Summer.  It's light outside when I wake up.  It's light outside when I get out of work.  After work, I sit on my  balcony.  If I want to, at night, I can sleep on my balcony.  I can wear clothes that allow freedom of movement.  I love the touch of the air upon my skin.  I love the feel of grass on my feet.  Every day I listen to crickets, watch the birds, gaze at the leaves, and see the rabbits.

I'm not ready for this to end. I know I still have some time left, but I don't see how I can ever be ready for this to end.

Friday, July 13, 2012

Good for now

Sometimes things are looking good, sometimes things are looking bad.  Either way, I tend to fall into the trap of feeling things will stay that way.

Things are good now.  Perhaps it is because in the last 12 weeks, I've only worked a full 5 days for 5 weeks.  Or maybe it is because I'm taking a different combination of supplements.

For whatever reason, or for no reason, my health has been good for the past few days, and I've been very ambitious.  I've been getting involved in all sorts of stuff and I'm excited about my life.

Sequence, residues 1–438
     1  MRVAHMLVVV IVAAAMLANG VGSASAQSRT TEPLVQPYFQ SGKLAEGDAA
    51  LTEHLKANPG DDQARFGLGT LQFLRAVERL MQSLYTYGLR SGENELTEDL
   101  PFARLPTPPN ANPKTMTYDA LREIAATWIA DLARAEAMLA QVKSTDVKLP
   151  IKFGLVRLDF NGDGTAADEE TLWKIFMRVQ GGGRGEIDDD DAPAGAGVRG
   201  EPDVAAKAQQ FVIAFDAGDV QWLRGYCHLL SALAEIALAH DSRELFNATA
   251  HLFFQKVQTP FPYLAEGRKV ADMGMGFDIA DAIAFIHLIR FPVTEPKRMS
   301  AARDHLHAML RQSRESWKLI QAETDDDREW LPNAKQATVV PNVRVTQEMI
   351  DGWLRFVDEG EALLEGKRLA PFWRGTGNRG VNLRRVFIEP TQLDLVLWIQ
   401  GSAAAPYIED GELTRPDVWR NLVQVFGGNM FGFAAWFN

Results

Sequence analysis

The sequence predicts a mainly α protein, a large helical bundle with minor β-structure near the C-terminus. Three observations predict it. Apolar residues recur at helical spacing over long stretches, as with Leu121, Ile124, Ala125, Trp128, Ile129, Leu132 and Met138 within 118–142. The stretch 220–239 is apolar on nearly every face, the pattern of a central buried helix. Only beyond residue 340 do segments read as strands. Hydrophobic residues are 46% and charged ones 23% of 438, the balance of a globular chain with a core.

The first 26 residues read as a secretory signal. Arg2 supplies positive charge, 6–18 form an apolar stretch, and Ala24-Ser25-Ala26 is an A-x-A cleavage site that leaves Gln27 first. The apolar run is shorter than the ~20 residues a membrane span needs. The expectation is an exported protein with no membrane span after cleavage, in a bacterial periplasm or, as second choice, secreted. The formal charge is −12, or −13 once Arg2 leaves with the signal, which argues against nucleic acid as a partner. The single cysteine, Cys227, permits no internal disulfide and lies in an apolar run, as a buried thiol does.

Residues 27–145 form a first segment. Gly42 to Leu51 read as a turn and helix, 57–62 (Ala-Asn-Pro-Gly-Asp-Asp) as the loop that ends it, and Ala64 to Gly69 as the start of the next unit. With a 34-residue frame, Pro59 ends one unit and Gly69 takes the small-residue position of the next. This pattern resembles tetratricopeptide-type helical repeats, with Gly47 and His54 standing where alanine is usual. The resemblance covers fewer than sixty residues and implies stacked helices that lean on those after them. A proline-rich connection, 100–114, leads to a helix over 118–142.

Knowing that such things are often short-lived, I just want to make note now: I am grateful for these days of having the strength to dive into life, and I yearn for them to continue.

Teeming with gardeners

I put out a post on freecycle to give away tomato cages, and within a day, I had heard from 11 people who wanted them.  It seems to me that this place is teeming with gardeners.  Good kind of place to live.

Wednesday, July 11, 2012

Richness of the world around us

You know the difference between black and white and color? Or the difference between two dimensional and three dimensional? That's kind of like the difference between the world we see and the world that is.  There is so much right under our noses that we never see. 

Always we can strive to expand our vision, but always there will be more than what we see.